Advertisers on Facebook have always been concerned about how many people their ads could reach, as defined by ‘potential reach’. Recently unredacted documents from a lawsuit against Facebook made an explosive allegation – company executives knew that the platform’s “potential reach metric” was wrongly inflated for years, but refused to change it because they wanted to protect the company’s bottom line.
The Financial Times (FT), which reported on the class-action lawsuit, said it had been ongoing since 2018. According to the documents, a Facebook project manager for potential reach proposed changing the metric in favour of accuracy, but was stymied by his superiors because the “revenue impact” for Facebook would be “significant.”
In response, the product manager apparently told them, “It’s revenue we should have never made, given the fact it’s based on wrong data.” The potential reach metric allegedly includes duplicate or fake accounts.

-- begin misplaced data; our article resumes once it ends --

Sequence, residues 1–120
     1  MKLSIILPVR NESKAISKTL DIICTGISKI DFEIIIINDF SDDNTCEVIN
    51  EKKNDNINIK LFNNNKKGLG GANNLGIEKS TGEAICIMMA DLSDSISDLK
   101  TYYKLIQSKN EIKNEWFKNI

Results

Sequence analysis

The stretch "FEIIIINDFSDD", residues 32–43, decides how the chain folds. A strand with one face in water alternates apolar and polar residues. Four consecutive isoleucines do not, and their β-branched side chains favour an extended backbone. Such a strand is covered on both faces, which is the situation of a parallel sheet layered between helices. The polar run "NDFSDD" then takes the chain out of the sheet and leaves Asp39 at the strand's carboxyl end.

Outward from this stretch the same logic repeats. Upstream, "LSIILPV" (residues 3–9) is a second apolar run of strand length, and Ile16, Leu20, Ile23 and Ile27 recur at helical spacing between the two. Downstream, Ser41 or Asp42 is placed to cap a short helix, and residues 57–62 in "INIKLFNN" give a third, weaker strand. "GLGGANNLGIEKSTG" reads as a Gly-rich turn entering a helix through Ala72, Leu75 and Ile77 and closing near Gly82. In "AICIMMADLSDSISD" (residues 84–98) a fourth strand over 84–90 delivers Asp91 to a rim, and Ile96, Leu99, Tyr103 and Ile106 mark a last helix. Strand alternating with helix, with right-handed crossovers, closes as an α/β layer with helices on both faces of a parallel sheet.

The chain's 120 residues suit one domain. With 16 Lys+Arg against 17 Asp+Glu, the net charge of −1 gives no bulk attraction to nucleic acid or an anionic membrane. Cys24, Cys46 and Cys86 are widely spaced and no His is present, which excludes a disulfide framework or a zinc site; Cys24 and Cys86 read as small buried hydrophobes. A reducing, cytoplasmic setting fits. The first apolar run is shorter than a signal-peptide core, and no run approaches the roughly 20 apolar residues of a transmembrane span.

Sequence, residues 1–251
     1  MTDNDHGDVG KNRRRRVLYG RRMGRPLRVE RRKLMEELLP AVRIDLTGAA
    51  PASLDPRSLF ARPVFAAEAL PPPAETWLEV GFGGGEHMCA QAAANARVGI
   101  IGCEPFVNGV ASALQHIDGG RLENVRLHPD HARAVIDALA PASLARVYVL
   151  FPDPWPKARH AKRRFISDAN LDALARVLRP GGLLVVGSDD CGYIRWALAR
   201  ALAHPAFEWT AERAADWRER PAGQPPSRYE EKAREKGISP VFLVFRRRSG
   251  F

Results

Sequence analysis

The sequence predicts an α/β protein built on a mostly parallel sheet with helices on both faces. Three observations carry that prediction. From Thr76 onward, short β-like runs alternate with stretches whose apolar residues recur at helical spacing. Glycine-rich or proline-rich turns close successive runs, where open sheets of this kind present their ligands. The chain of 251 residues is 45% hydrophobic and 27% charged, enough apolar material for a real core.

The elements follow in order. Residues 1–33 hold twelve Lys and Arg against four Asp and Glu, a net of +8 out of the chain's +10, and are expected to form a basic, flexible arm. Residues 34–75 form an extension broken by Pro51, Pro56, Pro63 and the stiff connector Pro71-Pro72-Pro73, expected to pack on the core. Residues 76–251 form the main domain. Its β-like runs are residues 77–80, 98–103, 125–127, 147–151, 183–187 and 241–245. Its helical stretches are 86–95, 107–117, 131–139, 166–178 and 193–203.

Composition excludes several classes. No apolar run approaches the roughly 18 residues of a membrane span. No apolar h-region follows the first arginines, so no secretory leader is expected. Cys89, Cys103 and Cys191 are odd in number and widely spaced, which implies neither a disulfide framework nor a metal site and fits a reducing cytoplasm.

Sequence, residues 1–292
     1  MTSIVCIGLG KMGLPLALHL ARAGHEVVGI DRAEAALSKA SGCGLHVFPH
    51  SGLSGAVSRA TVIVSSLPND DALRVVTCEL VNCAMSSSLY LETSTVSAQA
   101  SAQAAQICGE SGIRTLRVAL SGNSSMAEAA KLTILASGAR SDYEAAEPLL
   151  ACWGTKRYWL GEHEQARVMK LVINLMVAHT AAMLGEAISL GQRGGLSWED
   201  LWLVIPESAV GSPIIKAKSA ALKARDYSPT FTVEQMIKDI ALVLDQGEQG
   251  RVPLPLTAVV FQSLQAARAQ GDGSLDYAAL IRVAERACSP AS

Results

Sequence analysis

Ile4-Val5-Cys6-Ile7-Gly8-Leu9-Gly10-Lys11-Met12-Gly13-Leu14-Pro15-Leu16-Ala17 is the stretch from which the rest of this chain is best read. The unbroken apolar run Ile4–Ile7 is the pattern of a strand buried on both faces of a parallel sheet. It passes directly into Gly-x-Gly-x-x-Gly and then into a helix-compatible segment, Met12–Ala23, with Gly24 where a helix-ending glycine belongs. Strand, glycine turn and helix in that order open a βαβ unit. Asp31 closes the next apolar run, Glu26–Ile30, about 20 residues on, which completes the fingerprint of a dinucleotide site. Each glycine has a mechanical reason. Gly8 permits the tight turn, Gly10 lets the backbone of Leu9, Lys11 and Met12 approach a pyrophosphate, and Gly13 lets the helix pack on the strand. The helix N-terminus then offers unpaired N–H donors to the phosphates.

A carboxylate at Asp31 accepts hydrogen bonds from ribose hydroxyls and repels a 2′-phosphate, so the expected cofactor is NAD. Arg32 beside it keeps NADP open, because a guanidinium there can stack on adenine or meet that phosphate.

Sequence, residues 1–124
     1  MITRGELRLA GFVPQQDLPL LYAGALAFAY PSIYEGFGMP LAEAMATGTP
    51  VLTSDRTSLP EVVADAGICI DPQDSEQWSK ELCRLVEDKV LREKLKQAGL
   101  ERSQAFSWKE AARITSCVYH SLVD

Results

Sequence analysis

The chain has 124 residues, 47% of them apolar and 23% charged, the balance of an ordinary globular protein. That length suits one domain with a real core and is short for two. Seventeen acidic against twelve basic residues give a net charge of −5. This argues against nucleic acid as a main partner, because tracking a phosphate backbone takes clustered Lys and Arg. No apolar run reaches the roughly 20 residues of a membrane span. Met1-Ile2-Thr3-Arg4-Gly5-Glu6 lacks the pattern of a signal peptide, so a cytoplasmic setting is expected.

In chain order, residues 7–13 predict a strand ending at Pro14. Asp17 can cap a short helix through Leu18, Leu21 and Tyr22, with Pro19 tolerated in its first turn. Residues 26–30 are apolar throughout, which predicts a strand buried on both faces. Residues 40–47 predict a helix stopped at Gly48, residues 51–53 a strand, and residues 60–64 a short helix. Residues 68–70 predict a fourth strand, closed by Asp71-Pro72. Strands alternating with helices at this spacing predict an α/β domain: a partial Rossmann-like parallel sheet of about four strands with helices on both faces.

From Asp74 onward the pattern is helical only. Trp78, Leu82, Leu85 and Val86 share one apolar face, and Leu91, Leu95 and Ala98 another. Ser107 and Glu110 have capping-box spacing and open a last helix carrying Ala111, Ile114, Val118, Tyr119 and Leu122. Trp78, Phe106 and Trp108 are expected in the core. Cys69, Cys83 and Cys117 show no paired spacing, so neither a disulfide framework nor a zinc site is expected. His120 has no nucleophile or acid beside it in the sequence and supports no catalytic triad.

woah, I have the unsealed docs here. this is the Facebook census / fake accounts case DCN filed to get unsealed for public interest. Judge recently ruled in our favor. So I guess here come the docs. And the apparent cover-up was once again worse than imagined. Sandberg. https://t.co/q4OT5Wl4D4 pic.twitter.com/DPEPa0YwYq
— Jason Kint (@jason_kint) February 18, 2021
The documents also claim that Facebook COO Sheryl Sandberg acknowledged the problem in a 2017 internal email. They (the documents) were previously sealed because they were deemed commercially sensitive for Facebook, the FT said.
According to the FT and as expected, Facebook denied the allegations, claiming that, “These documents are being cherry-picked to fit the plaintiff’s narrative. ‘Potential reach’ is a helpful campaign planning tool that advertisers are never billed on. It’s an estimate and we make clear how it’s calculated in our ads interface and Help Center.”
(Source: The Financial Times.)